The Truman Doctrine was the justification for considerable injections of American money into European economic recovery to counteract the development of social and political unrest. This ambitious aid plan was called the Marshall Plan after the secretary of state at the time. General Marshall proposed the plan with two intentions: to assist in the rebuilding of Europe and to win the “hearts and minds” of the citizens most vulnerable to the reach of communism. The act of benevolence was accepted by the United States’ European allies after a phase of negotiations, but was discarded by the Soviets and other members of the Eastern Bloc.
The Marshall Plan represented a significant early application of U. S. soft power and the vital non-military aspect of US policies of containment. Containment is an excellent example of a successful balance of hard and soft power. The policies they implemented in this process served to strengthen relations with “at-risk” countries in Europe while at the same time sending a strong message to the Soviet Union th at the United States would react strongly to any further Soviet expansion. In fact, containment was so successful, that many experts consider it the leading cause of the Soviet collapse.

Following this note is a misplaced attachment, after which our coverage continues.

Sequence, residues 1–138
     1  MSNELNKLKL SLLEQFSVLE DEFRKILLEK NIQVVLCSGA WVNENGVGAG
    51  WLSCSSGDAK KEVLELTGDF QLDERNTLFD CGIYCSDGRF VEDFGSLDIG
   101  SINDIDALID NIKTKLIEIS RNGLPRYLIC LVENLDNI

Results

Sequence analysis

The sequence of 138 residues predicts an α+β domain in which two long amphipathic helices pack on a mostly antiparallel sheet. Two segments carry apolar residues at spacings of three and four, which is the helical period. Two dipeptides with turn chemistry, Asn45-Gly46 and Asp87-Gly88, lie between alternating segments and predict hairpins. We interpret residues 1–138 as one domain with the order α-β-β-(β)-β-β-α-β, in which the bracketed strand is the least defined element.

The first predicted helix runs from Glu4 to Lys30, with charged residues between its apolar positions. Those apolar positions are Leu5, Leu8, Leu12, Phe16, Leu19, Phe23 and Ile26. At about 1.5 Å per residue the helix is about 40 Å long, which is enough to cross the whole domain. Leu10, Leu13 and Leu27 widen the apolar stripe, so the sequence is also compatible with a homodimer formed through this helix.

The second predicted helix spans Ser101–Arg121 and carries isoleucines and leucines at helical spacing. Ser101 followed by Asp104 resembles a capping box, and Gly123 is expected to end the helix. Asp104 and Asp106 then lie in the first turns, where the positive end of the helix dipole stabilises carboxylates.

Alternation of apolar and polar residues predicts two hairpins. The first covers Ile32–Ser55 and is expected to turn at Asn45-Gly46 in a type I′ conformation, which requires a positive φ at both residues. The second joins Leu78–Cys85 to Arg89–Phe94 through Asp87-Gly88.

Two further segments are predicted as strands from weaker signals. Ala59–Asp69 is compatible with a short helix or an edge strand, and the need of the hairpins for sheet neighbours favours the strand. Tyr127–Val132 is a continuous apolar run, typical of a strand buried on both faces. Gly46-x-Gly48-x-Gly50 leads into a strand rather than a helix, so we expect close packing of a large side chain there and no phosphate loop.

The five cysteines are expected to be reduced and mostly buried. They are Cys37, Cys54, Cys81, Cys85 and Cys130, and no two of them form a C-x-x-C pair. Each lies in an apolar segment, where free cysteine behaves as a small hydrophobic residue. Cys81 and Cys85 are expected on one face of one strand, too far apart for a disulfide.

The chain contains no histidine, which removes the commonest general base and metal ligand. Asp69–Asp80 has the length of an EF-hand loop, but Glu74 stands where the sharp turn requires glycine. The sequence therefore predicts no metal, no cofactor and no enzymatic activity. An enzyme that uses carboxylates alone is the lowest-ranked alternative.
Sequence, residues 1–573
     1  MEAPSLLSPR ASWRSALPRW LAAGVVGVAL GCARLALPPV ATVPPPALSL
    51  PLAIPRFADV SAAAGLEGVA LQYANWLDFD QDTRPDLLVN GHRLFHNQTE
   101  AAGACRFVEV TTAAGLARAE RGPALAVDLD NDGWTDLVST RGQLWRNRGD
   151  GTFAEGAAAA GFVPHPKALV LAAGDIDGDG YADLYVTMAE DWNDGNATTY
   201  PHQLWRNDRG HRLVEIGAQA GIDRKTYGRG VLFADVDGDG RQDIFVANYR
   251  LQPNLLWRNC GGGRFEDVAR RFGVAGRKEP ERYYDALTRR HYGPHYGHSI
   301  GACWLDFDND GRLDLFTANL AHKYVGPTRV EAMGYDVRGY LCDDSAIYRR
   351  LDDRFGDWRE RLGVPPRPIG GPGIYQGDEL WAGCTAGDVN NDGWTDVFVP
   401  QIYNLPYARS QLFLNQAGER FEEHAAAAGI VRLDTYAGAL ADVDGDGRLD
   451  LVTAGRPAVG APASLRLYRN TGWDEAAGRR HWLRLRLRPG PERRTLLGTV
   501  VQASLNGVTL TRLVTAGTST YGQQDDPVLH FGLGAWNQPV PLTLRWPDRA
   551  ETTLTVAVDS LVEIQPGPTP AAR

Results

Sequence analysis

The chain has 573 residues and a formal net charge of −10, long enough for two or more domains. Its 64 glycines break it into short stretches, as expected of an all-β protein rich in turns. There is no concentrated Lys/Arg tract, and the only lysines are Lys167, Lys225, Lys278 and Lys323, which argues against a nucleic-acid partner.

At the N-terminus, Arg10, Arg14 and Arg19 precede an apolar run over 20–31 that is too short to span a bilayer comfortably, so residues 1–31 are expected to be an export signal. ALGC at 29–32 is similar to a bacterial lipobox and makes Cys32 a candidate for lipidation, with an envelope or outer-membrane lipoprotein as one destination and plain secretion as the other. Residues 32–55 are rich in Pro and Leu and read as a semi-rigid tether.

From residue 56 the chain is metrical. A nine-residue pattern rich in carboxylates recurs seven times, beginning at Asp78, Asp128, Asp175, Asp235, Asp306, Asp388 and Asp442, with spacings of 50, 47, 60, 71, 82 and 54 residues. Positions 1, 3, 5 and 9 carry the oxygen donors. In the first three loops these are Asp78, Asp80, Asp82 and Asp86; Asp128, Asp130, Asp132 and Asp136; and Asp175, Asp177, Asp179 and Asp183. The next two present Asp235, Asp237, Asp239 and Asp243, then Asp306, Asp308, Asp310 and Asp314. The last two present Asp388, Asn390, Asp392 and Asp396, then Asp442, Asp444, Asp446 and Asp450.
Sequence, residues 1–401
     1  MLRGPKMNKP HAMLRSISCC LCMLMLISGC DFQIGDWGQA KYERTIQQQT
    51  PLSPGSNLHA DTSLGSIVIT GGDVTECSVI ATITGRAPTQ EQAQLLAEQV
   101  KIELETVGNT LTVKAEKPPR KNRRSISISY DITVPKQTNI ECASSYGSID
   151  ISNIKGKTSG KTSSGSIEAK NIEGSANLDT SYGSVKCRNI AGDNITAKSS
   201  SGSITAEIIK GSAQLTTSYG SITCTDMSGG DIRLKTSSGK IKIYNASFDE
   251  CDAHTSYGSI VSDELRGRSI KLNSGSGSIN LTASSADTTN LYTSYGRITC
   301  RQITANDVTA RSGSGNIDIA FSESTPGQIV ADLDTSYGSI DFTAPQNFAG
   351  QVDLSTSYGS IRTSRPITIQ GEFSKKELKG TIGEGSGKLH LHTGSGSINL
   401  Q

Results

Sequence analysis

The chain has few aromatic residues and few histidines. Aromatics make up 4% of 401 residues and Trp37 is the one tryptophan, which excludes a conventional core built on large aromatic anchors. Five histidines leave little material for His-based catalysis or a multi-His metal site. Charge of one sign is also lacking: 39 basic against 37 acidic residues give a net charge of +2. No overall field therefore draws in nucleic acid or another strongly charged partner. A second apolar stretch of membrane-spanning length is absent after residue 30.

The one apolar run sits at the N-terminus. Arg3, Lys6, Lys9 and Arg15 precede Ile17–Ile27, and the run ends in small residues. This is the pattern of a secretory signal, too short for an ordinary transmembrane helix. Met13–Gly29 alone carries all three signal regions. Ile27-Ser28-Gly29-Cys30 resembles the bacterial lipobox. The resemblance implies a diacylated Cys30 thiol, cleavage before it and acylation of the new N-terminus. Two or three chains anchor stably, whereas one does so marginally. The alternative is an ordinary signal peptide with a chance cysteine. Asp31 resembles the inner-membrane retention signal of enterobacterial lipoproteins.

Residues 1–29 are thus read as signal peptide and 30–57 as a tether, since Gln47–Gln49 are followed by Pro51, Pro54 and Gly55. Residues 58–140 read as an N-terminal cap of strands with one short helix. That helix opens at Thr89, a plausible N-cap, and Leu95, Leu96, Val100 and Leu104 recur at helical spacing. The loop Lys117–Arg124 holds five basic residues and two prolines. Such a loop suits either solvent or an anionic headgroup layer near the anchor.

Another prime example of this PD was the cultural exchanges which saw tens of thousands of Soviet students go to America to study. These exchanges enabled many Soviet citizens, especially in the upper and middle reaches of society, to see the United States with their own eyes. The students would then go back to the USSR and some even occupied roles of influence and played important roles in the peaceful demise of the Soviet Union As I mentioned earlier, Public Diplomacy serves to make one’s country and ideals more attractive to citizens of other countries.